All seemingly among the consequences of a deadly epidemic: fentanyl.
In response to a national crisis that increasingly is showing up in Santa Clarita Valley homes, streets and even parks, The Signal, county Supervisor Kathryn Barger, the city of Santa Clarita, the SCV Sheriff’s Station, the William S. Hart Union High School District and other community partners are teaming up for a Fentanyl Town Hall at 6 p.m. Jan. 12.
During the event, 150 doses of naloxone — broadly known by the brand name Narcan — will be distributed to attendees. Naloxone is an FDA-approved nasal spray that can rapidly reverse an opioid overdose in an emergency situation.
“This town hall is about empowering parents with information to keep their kids safe from the fentanyl crisis that’s tragically ending young lives,” said Barger, who represents the 5th District, which includes the SCV, in a statement sent via text. “The danger of fentanyl poisoning lurks in every community — it’s naive to think it’s not present in our local schools. The best way to fight fentanyl and save lives is by educating oneself.”
The impetus for the forum was a series of overdoses in the first week of December, according to Signal Publisher Richard Budman, who credited the city and county agencies for their willingness to take part when approached last month about the idea.
“Santa Clarita is a thriving community due in large part to our residents coming together to support and protect one another,” Santa Clarita Mayor Jason Gibbs said in a statement shared via text Wednesday. “Events like The Signal’s Fentanyl Town Hall are critical because they help educate the public about dangers facing our neighborhoods and give residents vital resources and information that will save lives.”
A Dec. 6 incident at Bouquet Canyon Park under investigation by sheriff’s deputies resulted in five individuals, ages 18 to 30, overdosing on fentanyl, according to the Sheriff’s Department’s Overdose Response Task Force, which responded to the fatal overdose of 35-year-old Brandon Shubunka about one-third of a mile away the following day. The cause of Shubunka’s death is still under investigation by medical examiners with the coroner’s office as of Wednesday.
“This is not, by any means, meant to be an answer to the fentanyl crisis — this is a last resort to try and save lives,” Budman said in reference to the 150 doses of naloxone that will be given out to adults who are interested.
The city of Santa Clarita began tracking fatal overdoses in response to community concerns in March 2021, according to an email from Carrie Lujan, spokeswoman for the city of Santa Clarita.
From that point to the end of 2021, the city reported there were 13 overdose deaths. In 2022, officials believe there have been at least 31, although Lujan noted the 2022 figure could end up being even higher, as some of those deaths are still being investigated by the coroner’s office.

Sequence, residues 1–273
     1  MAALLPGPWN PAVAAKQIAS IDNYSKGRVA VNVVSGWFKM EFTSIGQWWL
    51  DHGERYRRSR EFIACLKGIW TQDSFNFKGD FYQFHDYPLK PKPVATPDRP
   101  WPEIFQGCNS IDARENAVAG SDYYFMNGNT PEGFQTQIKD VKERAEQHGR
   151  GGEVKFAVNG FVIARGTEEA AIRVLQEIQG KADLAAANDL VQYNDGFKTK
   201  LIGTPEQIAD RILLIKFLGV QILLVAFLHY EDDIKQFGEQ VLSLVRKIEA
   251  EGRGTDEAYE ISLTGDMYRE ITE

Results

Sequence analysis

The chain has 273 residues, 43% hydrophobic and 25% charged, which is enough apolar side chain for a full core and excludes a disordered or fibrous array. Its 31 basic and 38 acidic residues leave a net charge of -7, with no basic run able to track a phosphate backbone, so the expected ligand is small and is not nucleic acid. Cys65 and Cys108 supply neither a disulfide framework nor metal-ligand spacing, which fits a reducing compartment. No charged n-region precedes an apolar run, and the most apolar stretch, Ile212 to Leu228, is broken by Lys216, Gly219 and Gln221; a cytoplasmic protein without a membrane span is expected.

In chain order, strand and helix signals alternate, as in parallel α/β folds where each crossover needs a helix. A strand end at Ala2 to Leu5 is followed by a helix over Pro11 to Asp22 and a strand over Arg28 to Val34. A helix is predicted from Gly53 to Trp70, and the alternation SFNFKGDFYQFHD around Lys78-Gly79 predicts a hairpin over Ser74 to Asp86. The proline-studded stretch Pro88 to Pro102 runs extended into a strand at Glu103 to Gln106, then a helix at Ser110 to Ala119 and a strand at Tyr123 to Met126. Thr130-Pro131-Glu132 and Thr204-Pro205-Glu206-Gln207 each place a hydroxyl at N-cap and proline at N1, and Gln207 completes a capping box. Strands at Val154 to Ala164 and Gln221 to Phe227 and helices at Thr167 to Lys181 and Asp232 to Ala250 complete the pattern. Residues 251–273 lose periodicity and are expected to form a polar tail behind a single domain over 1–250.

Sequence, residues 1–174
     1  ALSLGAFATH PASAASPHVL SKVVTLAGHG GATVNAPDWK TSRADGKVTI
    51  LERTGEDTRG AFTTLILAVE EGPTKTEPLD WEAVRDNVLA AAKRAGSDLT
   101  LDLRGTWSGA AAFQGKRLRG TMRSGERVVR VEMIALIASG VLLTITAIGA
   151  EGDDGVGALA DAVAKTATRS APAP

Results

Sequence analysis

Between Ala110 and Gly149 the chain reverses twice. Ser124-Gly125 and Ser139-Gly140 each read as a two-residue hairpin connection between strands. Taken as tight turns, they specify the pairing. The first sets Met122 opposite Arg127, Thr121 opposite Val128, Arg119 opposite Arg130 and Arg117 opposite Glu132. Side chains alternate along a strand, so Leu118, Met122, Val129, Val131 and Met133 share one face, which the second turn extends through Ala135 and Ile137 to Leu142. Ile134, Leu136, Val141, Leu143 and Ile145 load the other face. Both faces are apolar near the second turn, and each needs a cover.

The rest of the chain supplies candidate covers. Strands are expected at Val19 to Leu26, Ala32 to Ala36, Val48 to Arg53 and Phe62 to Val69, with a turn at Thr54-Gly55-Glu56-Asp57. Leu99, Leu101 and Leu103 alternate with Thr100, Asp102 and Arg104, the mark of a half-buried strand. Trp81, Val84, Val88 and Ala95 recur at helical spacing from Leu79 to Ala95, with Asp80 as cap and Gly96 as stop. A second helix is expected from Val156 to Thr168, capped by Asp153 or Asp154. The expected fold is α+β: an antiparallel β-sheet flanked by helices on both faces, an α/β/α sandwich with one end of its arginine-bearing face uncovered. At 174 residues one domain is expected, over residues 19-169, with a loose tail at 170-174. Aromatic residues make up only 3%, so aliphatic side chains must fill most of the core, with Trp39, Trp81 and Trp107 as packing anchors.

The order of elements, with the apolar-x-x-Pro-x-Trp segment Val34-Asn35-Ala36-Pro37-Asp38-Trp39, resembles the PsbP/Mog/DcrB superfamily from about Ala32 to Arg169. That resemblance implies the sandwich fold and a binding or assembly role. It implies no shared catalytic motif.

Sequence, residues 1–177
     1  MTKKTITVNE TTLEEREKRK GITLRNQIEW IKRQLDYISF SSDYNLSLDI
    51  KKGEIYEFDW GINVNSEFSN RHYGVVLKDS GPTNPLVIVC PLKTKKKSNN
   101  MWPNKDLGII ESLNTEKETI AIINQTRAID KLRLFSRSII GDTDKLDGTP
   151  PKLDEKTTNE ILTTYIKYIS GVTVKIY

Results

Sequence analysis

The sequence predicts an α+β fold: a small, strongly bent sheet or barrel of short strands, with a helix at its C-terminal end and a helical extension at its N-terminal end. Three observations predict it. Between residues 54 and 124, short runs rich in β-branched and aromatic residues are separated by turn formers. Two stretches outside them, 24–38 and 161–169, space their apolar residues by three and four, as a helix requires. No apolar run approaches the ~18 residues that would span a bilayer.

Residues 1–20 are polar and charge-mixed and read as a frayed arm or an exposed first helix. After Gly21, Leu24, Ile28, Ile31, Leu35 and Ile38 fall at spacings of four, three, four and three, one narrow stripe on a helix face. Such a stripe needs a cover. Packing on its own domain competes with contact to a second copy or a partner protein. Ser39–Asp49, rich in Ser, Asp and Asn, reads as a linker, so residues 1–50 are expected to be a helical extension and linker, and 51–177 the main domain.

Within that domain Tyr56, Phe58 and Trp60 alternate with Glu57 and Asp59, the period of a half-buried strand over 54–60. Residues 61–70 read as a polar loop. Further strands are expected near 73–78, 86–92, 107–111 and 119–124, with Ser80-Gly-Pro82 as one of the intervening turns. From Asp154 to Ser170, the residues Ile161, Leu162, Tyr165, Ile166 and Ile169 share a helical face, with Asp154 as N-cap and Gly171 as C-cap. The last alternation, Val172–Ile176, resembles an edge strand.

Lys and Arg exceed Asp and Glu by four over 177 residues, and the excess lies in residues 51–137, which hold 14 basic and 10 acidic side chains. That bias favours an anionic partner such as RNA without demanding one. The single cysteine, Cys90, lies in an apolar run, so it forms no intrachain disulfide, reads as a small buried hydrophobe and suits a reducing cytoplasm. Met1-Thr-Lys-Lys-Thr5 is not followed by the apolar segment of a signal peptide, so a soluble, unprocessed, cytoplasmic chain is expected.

The town hall, for individuals 18 and over, is intended for parents. Budman said he realized how severe the concern was among officials when he mentioned the idea to several officials and within about 24 hours, all four agencies offered to help.
“Our governing board believes that education and support can make a difference and save lives,” according to an email statement Wednesday by Hart District Superintendent Mike Kuhlman. “I hope parents will attend the Fentanyl Town Hall and equip themselves with information and resources that can prevent another tragedy in the Santa Clarita Valley. I’m proud that our community is working together and taking a proactive stance on this important issue.”
The naloxone is being provided by Los Angeles County.
“Parents, family members and the community at large need to know how to spot the signs of drug use and how to talk with youth in a way that truly reaches them,” Barger added. “I’m a proud partner of this town hall event that will convene experts to discuss these topics, dispel rumors and answer questions. I’m hopeful Santa Clarita community members will take advantage of this opportunity.”
The event will offer a panel discussion with perspective from the local high school district, city, county and SCV Sheriff’s Station, as well as hospital staff, drug treatment experts and a county prosecutor.
Sgt. Jason Viger of the Sheriff’s Department’s Overdose Response Task Force said that since the team was formed in July of last year, the station has received notifications regarding 143 suspected overdose deaths throughout Los Angeles County, 18 of which were in the SCV.
As of four days into 2023, the department received two more notifications of deaths suspected to be linked to overdoses, neither of which were in Santa Clarita.
The 18-and-older event is scheduled 6 p.m. Jan. 12 at the Canyon Country Community Center, 18410 Sierra Highway in Santa Clarita. For more information, call 661-287-5501.